Three and a half years ago I referred to spending the day without access to e-mail or the internet at any point over a 12 - 16 hours period as "spending the day naked". To do such a thing was unthinkable, but I did it as a result a day I spent volunteering. Little did I know then, that spending the day without checking my e-mail or being online for 24 hours was in my future (and more than just once).
I agree to spend a Shabbos in a Chicago neighborhood known as West Rogers Park out of curiosity what it was like to fully observe a Shabbos AND the need to disconnect from life for an ever so brief period of time. There was an appeal to being removed from the information overload I got on a daily basis from work e-mails, personal e-mails and text messages, and being online (both on a computer and via phone) all day. At first I was okay with this disconnect. When I went "officially" offline it was around 8 pm-ish. I knew by the time Shabbos dinner was over I would be ready to go to bed so I had no problem with not "being in touch" with the outside world. It really wasn't until I got home from Shul that next day that I really began to feel withdrawal kick-in. By that point it was 11 am/noon-ish and there was still a good 8... 9... 10... hours to go until I could reconnect. What was I suppose to do for all those hours? Without getting into every single detail of what I did, I made it through. Once I was given the green light I raced to my phone to find out what I had missed. Turns out there wasn't a lot to see. "Hmmm... I guess the world didn't miss me as much as I missed it," I thought to myself.
That was August 2011.
Fast-forward to about a year later... September 2012. I went to visit my BFF who is Modern Orthodox. Going into the trip it I understood I would be eating 100% kosher in their home AND keeping Shabbos while I was there. Unlike the home I stayed in during my August 2011 Shabbos experience, my BFF does allow for the use of computers, phones, tablets, etc. in the guest bedroom ONLY during Shabbos. Now you'd think I would have been doing cartwheels about this fact and totally taken advantage of it so I would have to be disconnected for SO LONG, however I didn't. Actually, unlike my prior experience, I found a greater sense of calm about the whole situation. Instead of experiencing withdrawal I felt a sense of peace in disconnecting. Does that mean I didn't run to my phone once Shabbos was over? Nope! I ran to it as fast as I could, but I didn't feel as anxious as I had before. I attribute this to a lot of things, including the fact that I had gone most of the month of July that year without a car radio which forced me to find peace and calm in stillness. Or, at least greater stillness than I was use to.
Since then, anytime I attend Shabbos dinner at the home of my friends who live in West Rogers Park (the ones I stayed with in August 2011) I always turn off my phone while I'm there. Furthermore, I've also begun turning off my phone while I'm in Shul as well. Even if I'm at a Reform Shul (as I was for Rosh Hashanah services Thursday morning).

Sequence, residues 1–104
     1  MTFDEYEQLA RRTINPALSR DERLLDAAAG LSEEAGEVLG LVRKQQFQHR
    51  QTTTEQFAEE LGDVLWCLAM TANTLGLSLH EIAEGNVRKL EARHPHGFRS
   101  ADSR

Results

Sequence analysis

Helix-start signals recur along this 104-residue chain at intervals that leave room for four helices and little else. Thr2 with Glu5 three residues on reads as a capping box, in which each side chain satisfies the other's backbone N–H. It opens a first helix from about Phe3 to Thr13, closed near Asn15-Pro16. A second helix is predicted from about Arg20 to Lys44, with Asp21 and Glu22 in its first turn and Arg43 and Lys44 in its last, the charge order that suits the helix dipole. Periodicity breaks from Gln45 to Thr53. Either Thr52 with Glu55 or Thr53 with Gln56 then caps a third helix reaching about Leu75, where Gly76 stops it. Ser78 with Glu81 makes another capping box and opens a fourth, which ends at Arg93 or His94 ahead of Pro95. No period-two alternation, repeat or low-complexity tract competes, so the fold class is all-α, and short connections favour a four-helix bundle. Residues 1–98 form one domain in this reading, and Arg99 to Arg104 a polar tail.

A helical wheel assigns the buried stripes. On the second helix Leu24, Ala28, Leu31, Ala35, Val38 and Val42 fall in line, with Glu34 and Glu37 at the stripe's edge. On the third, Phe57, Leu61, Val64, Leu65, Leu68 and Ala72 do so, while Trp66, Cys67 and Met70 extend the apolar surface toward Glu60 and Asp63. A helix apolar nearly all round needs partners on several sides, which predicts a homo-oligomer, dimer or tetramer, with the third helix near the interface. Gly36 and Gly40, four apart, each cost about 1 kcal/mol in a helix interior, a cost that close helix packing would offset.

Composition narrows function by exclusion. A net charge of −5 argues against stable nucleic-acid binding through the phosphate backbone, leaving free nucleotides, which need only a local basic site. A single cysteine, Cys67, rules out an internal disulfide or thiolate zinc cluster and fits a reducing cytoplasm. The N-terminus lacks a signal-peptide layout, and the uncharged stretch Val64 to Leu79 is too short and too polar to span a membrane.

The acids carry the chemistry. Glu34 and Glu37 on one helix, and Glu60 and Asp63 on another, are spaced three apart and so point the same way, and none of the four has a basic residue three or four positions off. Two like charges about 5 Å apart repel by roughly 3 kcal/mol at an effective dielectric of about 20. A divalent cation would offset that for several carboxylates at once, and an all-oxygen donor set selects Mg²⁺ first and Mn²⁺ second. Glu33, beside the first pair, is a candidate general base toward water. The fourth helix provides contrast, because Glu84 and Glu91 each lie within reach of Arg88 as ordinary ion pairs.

The great surprise to me came Thursday when I discovered on my way to Rosh Hashanah dinner at my family's house that I accidental left my phone at home. I swear each and every time I was stopped at a light I tore through my bag as if I was going to get a different result. I think it was after the fourth "bag check" that I FINALLY accepted I didn't have it with me. At first I contemplated turning around to get my phone, but then realized I was good without. Honestly, I was happy not to have it with me. Without it I wasn't tempted to play with it all night and instead, visited with those at dinner. Even better I wasn't "one of those people" who was staring at their phone while in the midst of a conversation. (This is a bad habit I've been working hard on correcting all year.)
This week for the Thursday Blog Project, Melissa asked us to write about: What would your life be like if the Internet never existed?
All of the above is just my experiences with being disconnected from technology at various times over the past couple of years. If I had to literally answer the question Melissa posed, I'd image life would be a lot like it was when we didn't have the internet... and I'll add in text messaging, too. Without these things we'd have to go back to actually talking to people directly (Oh, the horror!!!) or picking up a newspaper or turning on the television to find out what it going on in the world. The amount of information overload would surely be a lot less.
For me, the above experiences have taught me a valuable lesson in disconnecting with technology and reconnecting in the real world.
With all that in mind, I please don't get me wrong. I still do see value in the Internet, texting, etc.; however, I think what I want to impress upon in this post is that I can see value without all these things as well... which is a HUGE leap for me.
Now that I've shared some of my thoughts on what life would be like if the Internet never existed, please take a moment to see what my fellow bloggers have to say:
Merryland Girl (Melissa)